Australian bushfires razed parts of the Australian states of Victoria, New South Wales and South Australia in the summer of 2009.
The Australian bushfires were particularly horrendous in Victoria where it destroyed at least two towns and burned hundreds of hectares of bushland and a number of relatively sparsely populated areas.
More than 200 people died as a result of the Australian bushfires in Victoria.
The deadly Victorian summer bushfire event has been dubbed Black Saturday, having achieved ferocity on the Saturday, although the fires raged for some days more.
In the number of deaths, Black Saturday's bushfire disaster surpassed those of the Black Friday fires of 1939 and Ash Wednesday in 1983.
More than 70 people died in Victoria's 1939 Black Friday fires, and 75 in 1983's Ash Wednesday bushfires which raged through areas of Victoria and South Australia.
Traveling in bushfire country
For visitors to Australia, the prospect of being thrust into bushfire danger can be worrisome.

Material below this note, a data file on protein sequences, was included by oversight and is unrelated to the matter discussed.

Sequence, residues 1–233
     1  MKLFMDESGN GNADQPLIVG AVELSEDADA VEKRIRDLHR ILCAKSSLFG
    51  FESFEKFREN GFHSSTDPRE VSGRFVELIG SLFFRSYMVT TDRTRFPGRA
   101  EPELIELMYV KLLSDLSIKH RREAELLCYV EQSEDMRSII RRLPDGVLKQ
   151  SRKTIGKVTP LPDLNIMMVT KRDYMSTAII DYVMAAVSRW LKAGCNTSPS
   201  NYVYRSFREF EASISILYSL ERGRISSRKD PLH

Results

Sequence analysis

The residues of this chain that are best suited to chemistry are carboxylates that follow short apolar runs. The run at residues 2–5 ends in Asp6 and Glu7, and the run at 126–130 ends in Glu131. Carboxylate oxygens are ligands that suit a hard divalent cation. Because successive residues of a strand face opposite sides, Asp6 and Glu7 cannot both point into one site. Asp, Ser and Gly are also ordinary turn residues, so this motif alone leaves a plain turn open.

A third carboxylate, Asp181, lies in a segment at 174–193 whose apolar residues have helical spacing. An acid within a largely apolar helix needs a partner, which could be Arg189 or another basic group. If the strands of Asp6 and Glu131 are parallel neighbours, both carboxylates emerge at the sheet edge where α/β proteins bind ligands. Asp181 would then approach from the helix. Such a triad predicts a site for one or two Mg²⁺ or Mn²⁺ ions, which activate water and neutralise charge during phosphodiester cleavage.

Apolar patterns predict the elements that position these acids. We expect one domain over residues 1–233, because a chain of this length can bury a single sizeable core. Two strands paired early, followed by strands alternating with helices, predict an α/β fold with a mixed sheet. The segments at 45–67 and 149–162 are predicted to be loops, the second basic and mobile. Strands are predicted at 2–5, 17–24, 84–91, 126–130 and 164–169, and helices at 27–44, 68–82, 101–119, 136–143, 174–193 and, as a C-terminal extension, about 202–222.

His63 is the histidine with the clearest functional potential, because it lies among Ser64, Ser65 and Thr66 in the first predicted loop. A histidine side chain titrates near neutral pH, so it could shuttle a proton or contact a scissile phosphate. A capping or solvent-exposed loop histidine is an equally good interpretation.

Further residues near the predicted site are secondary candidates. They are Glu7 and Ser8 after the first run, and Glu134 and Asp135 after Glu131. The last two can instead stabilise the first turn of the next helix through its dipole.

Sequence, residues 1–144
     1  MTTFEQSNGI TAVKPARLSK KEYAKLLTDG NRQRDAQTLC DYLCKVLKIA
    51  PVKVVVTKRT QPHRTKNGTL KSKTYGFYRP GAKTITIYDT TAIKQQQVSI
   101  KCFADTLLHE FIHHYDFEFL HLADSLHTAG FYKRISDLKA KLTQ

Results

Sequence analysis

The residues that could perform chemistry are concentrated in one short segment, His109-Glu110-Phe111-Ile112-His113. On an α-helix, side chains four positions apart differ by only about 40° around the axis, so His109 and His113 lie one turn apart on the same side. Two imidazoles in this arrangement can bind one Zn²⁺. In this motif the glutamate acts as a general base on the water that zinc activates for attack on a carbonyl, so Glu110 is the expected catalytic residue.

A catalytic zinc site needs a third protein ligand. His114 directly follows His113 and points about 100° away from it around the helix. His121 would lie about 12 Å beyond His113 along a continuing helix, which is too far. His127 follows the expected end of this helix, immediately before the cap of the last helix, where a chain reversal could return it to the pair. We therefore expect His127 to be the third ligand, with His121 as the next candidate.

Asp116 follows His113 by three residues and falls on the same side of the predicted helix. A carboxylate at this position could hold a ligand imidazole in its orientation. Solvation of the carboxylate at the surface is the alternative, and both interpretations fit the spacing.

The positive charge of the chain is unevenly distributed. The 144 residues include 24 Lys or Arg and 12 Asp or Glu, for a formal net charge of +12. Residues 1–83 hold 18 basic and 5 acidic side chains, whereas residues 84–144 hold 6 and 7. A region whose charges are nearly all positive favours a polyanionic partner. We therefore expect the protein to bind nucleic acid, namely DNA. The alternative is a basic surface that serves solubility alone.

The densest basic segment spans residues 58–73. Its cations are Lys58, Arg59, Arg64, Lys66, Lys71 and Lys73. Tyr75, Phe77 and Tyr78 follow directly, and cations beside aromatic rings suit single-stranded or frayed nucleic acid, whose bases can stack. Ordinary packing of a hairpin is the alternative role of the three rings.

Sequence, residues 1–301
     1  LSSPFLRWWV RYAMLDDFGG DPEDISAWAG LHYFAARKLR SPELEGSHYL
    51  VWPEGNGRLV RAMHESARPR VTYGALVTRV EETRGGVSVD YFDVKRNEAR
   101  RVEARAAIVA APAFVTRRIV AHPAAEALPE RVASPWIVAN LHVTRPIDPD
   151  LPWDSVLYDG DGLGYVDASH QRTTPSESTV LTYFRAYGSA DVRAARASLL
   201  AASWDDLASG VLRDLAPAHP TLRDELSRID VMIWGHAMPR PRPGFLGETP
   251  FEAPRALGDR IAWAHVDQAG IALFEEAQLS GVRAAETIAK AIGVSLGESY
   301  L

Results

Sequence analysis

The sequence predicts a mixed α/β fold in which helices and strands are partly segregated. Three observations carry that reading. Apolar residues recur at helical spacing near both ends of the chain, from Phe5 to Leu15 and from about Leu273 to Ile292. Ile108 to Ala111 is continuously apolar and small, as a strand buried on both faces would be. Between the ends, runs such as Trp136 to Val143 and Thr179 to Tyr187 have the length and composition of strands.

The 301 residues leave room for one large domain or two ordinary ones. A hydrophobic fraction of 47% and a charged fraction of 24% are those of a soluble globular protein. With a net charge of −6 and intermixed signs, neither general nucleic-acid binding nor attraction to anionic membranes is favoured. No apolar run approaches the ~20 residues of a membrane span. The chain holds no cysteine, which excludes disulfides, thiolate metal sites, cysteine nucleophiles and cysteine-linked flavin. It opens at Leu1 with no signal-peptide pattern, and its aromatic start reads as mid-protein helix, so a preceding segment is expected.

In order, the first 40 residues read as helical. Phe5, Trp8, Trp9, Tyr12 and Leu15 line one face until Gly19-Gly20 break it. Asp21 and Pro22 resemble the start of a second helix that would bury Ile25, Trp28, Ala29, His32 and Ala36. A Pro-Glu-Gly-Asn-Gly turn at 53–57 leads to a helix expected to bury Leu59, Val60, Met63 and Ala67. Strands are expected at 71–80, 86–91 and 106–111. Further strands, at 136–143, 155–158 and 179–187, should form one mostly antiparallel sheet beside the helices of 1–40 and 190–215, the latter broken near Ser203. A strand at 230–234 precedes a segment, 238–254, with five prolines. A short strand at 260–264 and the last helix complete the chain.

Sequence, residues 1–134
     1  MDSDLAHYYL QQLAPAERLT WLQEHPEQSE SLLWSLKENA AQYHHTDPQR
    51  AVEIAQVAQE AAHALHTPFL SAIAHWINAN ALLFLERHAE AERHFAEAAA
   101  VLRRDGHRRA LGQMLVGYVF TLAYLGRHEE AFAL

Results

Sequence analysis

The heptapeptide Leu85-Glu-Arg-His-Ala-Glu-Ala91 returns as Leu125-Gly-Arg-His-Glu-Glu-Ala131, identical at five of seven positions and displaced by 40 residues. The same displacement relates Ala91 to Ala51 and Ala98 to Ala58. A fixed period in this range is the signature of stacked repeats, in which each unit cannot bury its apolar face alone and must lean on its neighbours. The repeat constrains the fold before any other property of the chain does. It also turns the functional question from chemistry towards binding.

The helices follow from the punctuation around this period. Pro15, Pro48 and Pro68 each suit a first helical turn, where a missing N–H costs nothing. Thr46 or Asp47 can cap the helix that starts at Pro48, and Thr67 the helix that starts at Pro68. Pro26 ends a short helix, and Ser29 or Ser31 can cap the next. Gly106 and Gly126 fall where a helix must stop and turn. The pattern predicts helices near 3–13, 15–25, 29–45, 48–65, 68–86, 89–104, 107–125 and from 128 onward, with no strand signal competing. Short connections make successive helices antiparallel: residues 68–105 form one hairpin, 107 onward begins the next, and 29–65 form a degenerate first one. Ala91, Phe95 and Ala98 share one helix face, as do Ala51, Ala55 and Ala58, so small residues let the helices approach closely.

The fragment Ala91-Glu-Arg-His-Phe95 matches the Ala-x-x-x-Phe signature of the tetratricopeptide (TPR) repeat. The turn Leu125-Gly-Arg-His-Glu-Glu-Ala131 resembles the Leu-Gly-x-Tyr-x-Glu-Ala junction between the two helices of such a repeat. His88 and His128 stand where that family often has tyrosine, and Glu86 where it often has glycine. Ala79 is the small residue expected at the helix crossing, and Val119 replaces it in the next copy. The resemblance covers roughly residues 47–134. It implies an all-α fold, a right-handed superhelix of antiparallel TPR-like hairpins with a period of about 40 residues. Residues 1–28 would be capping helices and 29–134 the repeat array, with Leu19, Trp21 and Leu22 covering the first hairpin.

Unless visitors wander off into the bush during the bushfire season — and disregard safety warnings from the authorities — there is extremely limited likelihood they, the visitors, as well as locals, would be in danger.
Most visitors have only major cities and tourist resorts as their destination which certainly aren't in any bushfire danger area.
In relative terms, the areas prone to Australian bushfires are certainly minuscule.
Heed official warnings
Visitors touring Australia by road should heed official warnings about traveling through bushfire country in the bushfire season, particularly when bushfires are raging nearby or where real danger exists.
If planning on traveling through bushfire areas when fires are present, the hard and fast rule is: Don't.